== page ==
I ended up canning this image; or the slogan, anyway. It just felt too insider-ish. First you had to get the reference to Shepard Fairey’s Obama Hope Poster. But even if you got that reference, unless you were a hard core trekkie, you were left scratching your head at the IDIC slogan.
So, instead I went to print with this image, instead.
I wanted to do a Kirk shirt as well, but I didn’t have the right one-word slogan. Yet.
Here’s a look at a sketch done in preparation for my piece for an upcoming art show. Be warned: “Thar’ be crazies on that link!”
The theme I’m participating in is Peanut People; right now the name of my piece is Peanut Gallery. I’m going to draw gobs of characters from fact and fiction.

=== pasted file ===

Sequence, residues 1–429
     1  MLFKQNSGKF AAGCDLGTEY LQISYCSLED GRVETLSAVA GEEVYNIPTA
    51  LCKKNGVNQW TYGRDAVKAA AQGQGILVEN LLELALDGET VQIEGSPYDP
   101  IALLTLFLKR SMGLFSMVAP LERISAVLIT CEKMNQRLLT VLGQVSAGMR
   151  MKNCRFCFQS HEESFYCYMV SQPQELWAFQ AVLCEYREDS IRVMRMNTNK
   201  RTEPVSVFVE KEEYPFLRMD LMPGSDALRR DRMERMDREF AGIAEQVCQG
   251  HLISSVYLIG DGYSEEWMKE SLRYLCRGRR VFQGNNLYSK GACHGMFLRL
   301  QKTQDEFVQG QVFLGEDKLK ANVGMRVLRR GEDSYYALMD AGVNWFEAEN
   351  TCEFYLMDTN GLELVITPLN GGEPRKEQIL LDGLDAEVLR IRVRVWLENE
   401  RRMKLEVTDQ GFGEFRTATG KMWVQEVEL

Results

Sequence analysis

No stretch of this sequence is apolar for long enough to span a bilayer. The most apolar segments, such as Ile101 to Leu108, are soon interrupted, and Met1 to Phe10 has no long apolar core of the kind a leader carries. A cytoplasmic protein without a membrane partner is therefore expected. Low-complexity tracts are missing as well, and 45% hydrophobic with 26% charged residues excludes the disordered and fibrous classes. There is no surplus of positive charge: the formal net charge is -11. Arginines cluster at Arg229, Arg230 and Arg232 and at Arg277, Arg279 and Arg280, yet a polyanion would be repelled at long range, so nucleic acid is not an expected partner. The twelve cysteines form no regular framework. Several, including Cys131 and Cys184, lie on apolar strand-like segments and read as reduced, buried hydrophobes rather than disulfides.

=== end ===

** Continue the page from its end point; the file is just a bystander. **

Here’s a color version of Peanut Spidey.
As always, you can click on the image for a closer look.
The inks are too heavy; too lifeless; no thicks and thins; no line variety in general. (Inks were done in Macromedia Freehand, by the way. I used the variable stroke pen tool. If I had it to do again, I’d use the Bezier pen tool. More control.)
I’m fairly happy with the color job. Also done in Freehand.
Coupla weeks ago. The comic book store; after a few pints. It’s the last place you’d expect an epiphany.
Buddy Don is scoping out the Star Wars action figures; I’m whining about work.
Don picks up an action figure based on the Ralph McQuarrie concept art. The toys themselves look pretty chintsy, but most toys do. The packages, however; loaded with McQuarrie’s artwork, look terrific.